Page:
Within an hour of the March 22 Brussels attacks, #StopIslam started trending on Twitter. The trend reflected a larger societal issue in which innocent Muslims are targeted for the actions of a radicalized minority.

The attack on Brussels was the third recent major terrorist attack on nations in the Western Hemisphere, following the Nov. 13 Paris and Dec. 2 San Bernardino attacks.

But many members within the U.S. Muslim community were prepared for such a phenomenon after the 9/11 attacks carried out by al-Qaida.

Elon University Muslim Life Coordinator Anna Torres-Zeb is a Mexican-American woman who converted to Islam in her teens. Today, she urges people to use rational judgment before painting the entire Muslim world with a single brush.

“You can’t apply the beliefs and actions of ISIS to one-third of the world’s population,” Torres-Zeb said. “And for people that do so, you have to challenge their belief because one-third of the world’s people are obviously not like ISIS in any way.”

In a 2015 Huffington Post survey of 1,000 U.S. adults, 7 percent indicated they had a very favorable view of Islam while 14 percent had a somewhat favorable perspective, 28 percent had somewhat unfavorable views and 27 percent had very unfavorable views. Twenty-five percent were not sure.

Using similar questions to reveal potential answers within the Elon student community, an informal canvassing yielded more positive results than those of The Huffington Post.

Of the 78 students surveyed, around 10 percent said they had very favorable views of Islam. Nearly 27 percent responded somewhat favorable, 28 percent somewhat unfavorable and about 11 percent very unfavorable. Twenty-three percent said they were not sure.

Torres-Zeb, while unsurprised by the numbers, said she feels Elon students have a negative outlook on the Muslim community’s religious beliefs because a lack of exposure to Muslim individuals in their daily life.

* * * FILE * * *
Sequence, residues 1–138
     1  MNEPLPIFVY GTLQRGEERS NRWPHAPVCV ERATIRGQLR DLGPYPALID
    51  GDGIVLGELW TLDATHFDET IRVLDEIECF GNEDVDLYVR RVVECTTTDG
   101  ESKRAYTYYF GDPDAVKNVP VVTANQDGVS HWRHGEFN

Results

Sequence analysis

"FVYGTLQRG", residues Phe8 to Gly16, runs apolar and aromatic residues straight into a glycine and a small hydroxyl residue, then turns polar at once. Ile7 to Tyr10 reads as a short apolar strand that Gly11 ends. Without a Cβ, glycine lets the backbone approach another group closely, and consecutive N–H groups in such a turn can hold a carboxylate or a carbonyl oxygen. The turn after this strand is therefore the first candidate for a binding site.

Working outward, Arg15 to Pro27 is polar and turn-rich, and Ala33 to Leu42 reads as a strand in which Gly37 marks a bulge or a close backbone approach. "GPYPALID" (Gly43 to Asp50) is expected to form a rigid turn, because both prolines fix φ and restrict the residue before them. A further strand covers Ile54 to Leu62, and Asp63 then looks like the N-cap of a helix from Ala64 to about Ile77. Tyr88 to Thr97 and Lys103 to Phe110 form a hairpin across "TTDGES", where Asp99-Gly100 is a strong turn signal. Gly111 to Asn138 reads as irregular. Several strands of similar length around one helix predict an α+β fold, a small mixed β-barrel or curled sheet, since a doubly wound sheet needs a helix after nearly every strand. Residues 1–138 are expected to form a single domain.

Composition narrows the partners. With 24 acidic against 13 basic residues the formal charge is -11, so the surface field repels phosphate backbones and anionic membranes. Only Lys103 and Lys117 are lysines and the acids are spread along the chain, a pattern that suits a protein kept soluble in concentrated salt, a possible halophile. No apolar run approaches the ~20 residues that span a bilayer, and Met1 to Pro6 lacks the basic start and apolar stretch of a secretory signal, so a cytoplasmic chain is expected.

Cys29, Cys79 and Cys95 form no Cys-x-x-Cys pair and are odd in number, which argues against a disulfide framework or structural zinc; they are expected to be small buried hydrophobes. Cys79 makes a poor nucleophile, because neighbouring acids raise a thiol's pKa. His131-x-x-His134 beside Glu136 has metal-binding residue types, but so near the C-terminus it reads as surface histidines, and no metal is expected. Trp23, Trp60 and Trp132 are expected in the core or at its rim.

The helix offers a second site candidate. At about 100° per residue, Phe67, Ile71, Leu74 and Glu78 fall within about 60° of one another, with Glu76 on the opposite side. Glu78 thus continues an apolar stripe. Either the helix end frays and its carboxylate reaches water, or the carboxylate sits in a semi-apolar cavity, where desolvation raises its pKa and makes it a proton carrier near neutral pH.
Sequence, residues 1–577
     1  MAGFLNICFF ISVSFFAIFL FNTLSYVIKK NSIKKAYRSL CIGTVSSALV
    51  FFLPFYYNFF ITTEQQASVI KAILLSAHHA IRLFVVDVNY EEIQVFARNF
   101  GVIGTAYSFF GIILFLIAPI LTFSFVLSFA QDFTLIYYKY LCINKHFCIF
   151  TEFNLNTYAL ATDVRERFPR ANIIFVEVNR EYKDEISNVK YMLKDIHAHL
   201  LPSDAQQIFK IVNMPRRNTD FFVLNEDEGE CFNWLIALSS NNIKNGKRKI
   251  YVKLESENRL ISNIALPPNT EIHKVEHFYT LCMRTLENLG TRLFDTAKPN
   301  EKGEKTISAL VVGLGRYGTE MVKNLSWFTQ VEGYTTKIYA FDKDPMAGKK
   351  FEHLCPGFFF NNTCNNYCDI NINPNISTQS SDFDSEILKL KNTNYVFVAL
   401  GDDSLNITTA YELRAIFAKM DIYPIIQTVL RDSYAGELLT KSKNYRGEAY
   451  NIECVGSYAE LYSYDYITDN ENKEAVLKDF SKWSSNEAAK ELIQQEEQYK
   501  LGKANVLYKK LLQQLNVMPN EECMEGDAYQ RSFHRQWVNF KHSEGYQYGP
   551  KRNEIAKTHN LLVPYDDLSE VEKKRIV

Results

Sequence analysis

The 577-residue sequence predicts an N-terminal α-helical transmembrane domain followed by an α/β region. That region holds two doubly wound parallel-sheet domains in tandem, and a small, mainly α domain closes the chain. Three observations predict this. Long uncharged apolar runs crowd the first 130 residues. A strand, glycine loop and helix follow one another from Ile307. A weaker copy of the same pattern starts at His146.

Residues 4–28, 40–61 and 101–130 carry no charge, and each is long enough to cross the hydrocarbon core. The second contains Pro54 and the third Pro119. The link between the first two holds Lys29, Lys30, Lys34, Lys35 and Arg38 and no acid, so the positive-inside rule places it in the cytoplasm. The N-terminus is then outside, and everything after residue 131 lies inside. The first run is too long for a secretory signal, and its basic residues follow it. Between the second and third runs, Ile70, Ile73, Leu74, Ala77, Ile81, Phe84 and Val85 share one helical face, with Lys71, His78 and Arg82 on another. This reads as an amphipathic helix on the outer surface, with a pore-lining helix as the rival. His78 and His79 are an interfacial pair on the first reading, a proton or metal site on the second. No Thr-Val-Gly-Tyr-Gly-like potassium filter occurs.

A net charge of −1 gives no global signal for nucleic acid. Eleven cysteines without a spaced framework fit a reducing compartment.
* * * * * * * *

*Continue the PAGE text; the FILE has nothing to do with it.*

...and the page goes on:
“It’s fair to say that many Elon students have probably never even met a Muslim person, and then established a personal relationship with that person,” Torres-Zeb said. “Knowing and caring for a person who is of a different background is essential to breaking down preconceived beliefs. Exposure is the key.”

Torres-Zeb said she blames the media for Muslim animosity in the Western Hemisphere.

“No one is born knowing anything about anything,” said Torres-Zeb. “And at the same time, no one’s born afraid of other people. They learn to be from what they hear and see, and it’s an unfair portrayal.”

University Chaplain Jan Fuller worries positive messages about the Muslim faith are being met with deaf ears.

Fuller said one of the biggest obstacles to equality and a better understanding of different cultures is education. She said one of her biggest struggles is incentivizing the naysayers on campus to take learning into their own hands.

“We can offer programming all day long, but if people don’t want to hear the message or are unwilling to educate themselves because of their own preconceived certainties, it’s really hard to make an impact,” Fuller said. “There are even faculty and staff in various fields that have made up their minds on the matter.”


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